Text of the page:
Botched referrals cost district nurses five hours each
Each mismanaged referral to a district nurse wastes five hours of their time, according to initial findings from one of the country’s first major studies into community nursing productivity.
Incomplete notes from acute trusts, long waits to get drug charts signed off by GPs and difficulties obtaining occupational therapy equipment are among the main bottlenecks revealed by the preliminary research, seen exclusively by Nursing Times (see above).
Central London Community Health (CLCH) – consisting of the provider arms of NHS Westminster, NHS Hammersmith and Fulham, and NHS Kensington and Chelsea – analysed each step of the referral process for its 18 member district nursing team in central London, and identified multiple hold ups in the system.
Nursing Times Learning
Subscribers get five FREE learning units and non-subscribers can access each learning unit for £10 + VAT.
Click on the topics below to get started:
Lead researcher and CLCH community nurse manager Claire Halkyard told Nursing Times the findings showed each bad referral cost a district nurse an average of five hours in follow-ups and unnecessary journeys.
She said: “There’s a feeling in the air that district nurses are not efficient, that they could work harder, better, smarter.
“So we looked at the issue and what we came up with was that they were working very hard – doing unpaid overtime – but what was stymying them were huge multi system problems with acute trusts and GPs.
“The issues [from hospitals] are basic demographics: when the patient is coming home, telephone numbers, addresses.
“Ordering them the right equipment at home is a process that often goes round in circles.”
Ms Halkyard added: “With GPs, it’s all about medication. It’s either patients coming back without medication or coming back with 20 bottles they don’t know what to do with. Plus the logistics of getting hold of GPs – 50 per cent of the time wasted is wasted in this way.”
The research also found many patients were discharged with little or no notice to community nurses, or were inappropriately referred to them and had to be refused or re-routed.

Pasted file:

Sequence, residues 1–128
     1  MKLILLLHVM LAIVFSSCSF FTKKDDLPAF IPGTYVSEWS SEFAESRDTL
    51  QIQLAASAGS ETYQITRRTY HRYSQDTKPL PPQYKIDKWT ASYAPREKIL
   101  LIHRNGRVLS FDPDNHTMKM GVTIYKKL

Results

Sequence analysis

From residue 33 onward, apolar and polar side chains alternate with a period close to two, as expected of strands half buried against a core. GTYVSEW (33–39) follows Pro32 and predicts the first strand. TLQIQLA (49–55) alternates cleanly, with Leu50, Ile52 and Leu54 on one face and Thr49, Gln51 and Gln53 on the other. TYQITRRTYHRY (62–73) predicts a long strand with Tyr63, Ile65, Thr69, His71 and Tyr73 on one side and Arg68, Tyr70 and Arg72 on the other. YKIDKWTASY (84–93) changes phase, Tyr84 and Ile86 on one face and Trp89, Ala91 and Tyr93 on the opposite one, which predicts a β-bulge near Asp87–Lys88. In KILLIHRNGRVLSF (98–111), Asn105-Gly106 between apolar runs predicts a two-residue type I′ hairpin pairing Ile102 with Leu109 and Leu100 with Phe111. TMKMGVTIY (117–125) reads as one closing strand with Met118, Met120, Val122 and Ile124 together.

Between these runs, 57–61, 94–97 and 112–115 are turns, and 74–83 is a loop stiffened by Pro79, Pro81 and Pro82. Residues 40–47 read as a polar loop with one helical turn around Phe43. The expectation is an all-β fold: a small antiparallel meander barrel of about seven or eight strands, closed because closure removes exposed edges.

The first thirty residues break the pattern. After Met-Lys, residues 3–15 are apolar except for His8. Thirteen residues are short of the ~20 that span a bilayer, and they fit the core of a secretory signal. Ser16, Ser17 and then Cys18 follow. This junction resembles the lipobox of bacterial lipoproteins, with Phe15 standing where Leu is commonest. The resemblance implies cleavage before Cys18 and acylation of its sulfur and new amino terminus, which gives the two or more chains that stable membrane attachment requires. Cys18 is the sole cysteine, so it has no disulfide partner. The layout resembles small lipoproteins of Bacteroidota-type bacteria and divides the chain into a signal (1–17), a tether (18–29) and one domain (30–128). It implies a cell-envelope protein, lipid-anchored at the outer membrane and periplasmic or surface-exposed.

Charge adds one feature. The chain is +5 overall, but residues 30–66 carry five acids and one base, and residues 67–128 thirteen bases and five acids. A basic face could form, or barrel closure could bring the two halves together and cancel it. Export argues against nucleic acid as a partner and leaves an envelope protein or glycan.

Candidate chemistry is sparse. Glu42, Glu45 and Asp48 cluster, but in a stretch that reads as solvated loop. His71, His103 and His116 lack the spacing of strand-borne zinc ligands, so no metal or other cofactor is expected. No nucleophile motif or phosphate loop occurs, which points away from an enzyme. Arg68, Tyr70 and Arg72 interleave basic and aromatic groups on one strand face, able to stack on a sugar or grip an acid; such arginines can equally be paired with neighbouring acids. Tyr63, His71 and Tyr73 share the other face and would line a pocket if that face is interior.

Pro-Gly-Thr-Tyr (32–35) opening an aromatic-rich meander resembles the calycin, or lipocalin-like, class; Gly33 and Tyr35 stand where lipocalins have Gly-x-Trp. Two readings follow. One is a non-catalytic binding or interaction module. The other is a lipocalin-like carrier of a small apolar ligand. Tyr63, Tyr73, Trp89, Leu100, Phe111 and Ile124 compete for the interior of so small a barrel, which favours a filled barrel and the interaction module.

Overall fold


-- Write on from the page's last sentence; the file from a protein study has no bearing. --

CLCH director of operations Jane Clegg said the project was prompted by an NHS London requirement to measure the time clinical staff spent dealing directly with patients. They then decided to look at why the ratio for district nurses was so low.
Ms Clegg said she hoped the findings would help people realise that it was often other parts of the system that were having a negative knock on effect on district nurses, rather than community services themselves being inefficient.
The McKinsey report into NHS efficiency – published by the Department of Health earlier this year – showed wide variations in the number of daily visits made by district nurses.
The top 15 per cent averaged between seven and 12 a day, with the bottom 15 per cent only managing between one and four.
Ms Clegg said: “What we want to do with the research is draw people’s eyes further upstream. We don’t want to put the blame on anyone, but a whole system look at this hasn’t been done.”
Royal College of Nursing primary care adviser Lynn Young estimated that, nationally, 30 per cent of a district nurse’s time was lost in the ways described in the CLCH research.
She said: “District nurses have a hard time because, with GPs, social services and hospitals, they have to deal with three different organisational cultures and three different ways of recording things.”
Hillingdon Hospital Trust deputy nursing director Bev Hall told Nursing Times she had worked with community services in her area to identify poor communications during discharge.
Citing wound care as an example, she said: “Sometimes a discharging nurse will assume wound care automatically goes to a district nurse when it could sometimes be handled more appropriately by a GP practice nurse.”
Queen’s Nursing Institute director Rosemary Cook said the picture varied across England’s workforce of around 12,000 district nurses.
She said: “We hear of places where there are lots of sticking points like this – often to do with inadequate information on discharge, and rapid or unanticipated discharge, especially on a Friday afternoon.
“The community nursing team often finds itself at the end of the line – they have to solve the problem or the patient will suffer, while… others in the line can just pass the problem on.”
She predicted the Transforming Community Services programme – which will see many primary care trust provider | arms integrate with acute or mental health trusts – could improve the process.
She said: “If community nurses are employed by the same organisation as the ward nurses, or as mental health nurses, it may become easier to integrate discharge processes, and the transfer of care from hospital to home, to the benefit of the patient.”